Update from Municipal Health Director, CT

December 23, 2015

…..Here in the Nutmeg state, our deer population got out of control, particularly in Fairfield County (next to NYC). We have over 2K auto/deer collisions a year statewide. As a municipal health director, I receive approximately 400 Lyme disease case notifications per year; in a population numbering 20K. This is greater than any other reportable communicable disease. My knees and wrists know all too well the aftermath of Lyme, having contracted it twice. Most of us now carry a tick removal tool on our key chains. Needless to say, we have utter disdain for the Eastern whitetailed deer, the whitefooted mouse and the blacklegged tick (Ixodes scapularis).

Safety and public health issues aside, probably the most devastating is the destruction to the level of browse of woodland undergrowth and the damage to Eastern Connecticut’s agriculture, particularly orchards and nursery stock. The woodland destruction is so extensive that there are no oak, ash, cedar or hickory saplings. The maple/oak woods behind our home is bare of any young trees; thereby allowing the unrestricted growth of brambles … several varieties, each worse than the other. Two years ago, the (hypothesized) insult to the forest ecology from deer overpopulation resulted in no acorns being produced. The deer population density and lack of food resulted in the re-absorption of deer fetuses and numerous starvation deaths. We also saw the introduction of wasting disease. While you may think that the stress on the deer population is a good thing, we also see a marked reduction in coyote, fox, wild turkey, woodland songbirds and predators’ morsels such as white-footed mice and voles. There is no stability. We go from one extreme to the other.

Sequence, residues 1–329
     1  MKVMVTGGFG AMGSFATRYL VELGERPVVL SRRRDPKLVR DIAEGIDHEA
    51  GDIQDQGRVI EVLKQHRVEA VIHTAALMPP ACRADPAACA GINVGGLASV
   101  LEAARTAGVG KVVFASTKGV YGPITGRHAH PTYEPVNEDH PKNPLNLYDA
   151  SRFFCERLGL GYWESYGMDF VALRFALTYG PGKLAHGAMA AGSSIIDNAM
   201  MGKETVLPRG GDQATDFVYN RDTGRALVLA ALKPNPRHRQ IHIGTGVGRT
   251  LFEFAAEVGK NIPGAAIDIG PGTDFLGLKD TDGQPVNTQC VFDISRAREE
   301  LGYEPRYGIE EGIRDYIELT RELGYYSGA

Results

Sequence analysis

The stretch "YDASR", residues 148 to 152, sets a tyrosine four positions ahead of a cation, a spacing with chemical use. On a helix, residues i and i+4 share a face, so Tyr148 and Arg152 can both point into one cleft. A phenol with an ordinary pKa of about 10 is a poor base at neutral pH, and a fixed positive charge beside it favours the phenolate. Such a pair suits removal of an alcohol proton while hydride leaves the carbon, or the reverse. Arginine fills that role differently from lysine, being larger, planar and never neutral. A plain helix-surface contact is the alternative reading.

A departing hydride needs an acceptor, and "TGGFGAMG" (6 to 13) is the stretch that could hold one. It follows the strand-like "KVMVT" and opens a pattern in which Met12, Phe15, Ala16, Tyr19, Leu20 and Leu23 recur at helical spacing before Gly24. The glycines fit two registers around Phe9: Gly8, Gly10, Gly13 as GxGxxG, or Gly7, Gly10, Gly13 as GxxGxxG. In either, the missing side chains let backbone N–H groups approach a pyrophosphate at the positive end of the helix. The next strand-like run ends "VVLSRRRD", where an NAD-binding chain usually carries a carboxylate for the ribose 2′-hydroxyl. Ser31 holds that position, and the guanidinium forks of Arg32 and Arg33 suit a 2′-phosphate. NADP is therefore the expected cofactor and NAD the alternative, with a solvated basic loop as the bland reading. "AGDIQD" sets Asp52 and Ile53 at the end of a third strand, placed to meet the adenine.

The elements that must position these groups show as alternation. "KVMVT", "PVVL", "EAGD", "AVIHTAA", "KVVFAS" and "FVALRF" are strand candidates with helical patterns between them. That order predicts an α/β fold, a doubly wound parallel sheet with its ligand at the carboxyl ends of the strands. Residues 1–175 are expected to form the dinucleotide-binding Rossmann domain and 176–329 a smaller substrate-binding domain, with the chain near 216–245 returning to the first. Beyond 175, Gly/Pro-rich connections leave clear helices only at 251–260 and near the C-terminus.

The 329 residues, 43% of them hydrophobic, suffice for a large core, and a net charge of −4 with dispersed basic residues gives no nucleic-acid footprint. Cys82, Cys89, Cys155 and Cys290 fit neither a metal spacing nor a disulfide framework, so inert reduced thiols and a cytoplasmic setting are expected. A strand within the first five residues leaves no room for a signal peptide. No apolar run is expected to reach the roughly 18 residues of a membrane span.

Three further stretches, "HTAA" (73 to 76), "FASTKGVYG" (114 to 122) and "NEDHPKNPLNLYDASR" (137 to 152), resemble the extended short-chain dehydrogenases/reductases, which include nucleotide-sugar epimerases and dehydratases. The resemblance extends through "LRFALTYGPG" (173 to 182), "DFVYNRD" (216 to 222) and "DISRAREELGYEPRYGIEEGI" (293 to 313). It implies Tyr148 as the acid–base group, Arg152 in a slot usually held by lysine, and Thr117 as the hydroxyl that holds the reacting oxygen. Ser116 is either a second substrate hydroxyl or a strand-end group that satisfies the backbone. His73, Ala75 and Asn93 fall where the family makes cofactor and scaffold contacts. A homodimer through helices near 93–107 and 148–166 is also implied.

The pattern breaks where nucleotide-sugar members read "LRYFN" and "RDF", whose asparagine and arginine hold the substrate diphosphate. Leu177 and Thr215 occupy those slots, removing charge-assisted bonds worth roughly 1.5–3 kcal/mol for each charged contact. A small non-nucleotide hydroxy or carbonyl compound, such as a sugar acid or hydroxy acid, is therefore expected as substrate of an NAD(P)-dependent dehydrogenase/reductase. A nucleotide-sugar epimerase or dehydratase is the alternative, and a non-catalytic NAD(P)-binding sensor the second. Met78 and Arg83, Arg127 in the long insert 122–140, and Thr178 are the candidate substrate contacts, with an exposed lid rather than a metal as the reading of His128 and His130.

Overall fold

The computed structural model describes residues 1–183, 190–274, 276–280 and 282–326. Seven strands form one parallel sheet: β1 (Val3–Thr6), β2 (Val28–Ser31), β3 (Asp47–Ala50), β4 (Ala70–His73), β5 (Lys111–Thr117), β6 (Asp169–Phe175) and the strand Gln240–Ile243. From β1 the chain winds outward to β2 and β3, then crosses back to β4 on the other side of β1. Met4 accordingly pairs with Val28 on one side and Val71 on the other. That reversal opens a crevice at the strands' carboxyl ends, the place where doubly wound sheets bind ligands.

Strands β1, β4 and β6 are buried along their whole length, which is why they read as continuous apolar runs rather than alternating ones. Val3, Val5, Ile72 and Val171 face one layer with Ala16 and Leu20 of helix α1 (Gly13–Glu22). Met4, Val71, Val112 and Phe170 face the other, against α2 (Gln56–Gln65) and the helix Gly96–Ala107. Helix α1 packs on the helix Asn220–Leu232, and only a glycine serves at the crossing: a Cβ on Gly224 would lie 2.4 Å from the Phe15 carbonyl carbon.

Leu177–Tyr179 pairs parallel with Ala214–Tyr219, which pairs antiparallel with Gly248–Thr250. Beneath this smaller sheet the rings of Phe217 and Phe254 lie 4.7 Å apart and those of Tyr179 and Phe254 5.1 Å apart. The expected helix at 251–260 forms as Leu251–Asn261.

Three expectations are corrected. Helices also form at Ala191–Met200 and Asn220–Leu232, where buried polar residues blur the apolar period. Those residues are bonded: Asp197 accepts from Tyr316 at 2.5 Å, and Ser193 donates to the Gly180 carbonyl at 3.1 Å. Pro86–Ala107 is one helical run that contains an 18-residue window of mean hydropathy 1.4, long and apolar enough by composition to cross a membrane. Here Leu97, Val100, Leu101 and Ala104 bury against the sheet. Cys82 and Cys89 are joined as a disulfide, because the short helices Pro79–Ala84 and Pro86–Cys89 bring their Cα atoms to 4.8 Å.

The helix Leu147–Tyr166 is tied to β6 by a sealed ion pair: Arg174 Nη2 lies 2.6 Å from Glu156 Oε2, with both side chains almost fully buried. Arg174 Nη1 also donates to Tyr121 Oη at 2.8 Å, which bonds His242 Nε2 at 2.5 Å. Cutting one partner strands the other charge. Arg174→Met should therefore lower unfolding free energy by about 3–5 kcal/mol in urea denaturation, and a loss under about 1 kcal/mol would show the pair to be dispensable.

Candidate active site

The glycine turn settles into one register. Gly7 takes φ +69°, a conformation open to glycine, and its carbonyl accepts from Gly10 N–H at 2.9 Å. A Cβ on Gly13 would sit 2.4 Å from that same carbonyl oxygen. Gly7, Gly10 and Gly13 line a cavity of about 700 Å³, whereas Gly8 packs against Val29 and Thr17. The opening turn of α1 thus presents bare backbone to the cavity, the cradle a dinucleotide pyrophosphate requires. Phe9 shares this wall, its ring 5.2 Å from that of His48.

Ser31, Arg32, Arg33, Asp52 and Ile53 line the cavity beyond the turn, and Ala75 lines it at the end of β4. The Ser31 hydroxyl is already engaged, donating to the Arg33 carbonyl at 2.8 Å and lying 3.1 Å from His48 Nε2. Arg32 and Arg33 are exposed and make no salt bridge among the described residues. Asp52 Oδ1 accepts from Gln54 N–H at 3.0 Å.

When I was the biological safety officer on Plum Island, we had to dispatch deer because of the threat of disease transmission, particularly foot and mouth disease. However, the more deer that were destroyed, the more swam from the Hamptons to Gardner’s Island to Plum. We spent about $40K annually (out of my budget) on APHIS hunters. I too managed to dispatch a few with my M1 carbine when I was duty officer and had to spend the night on the island. In short, we are harmed more by deer overpopulation than by ISIS.

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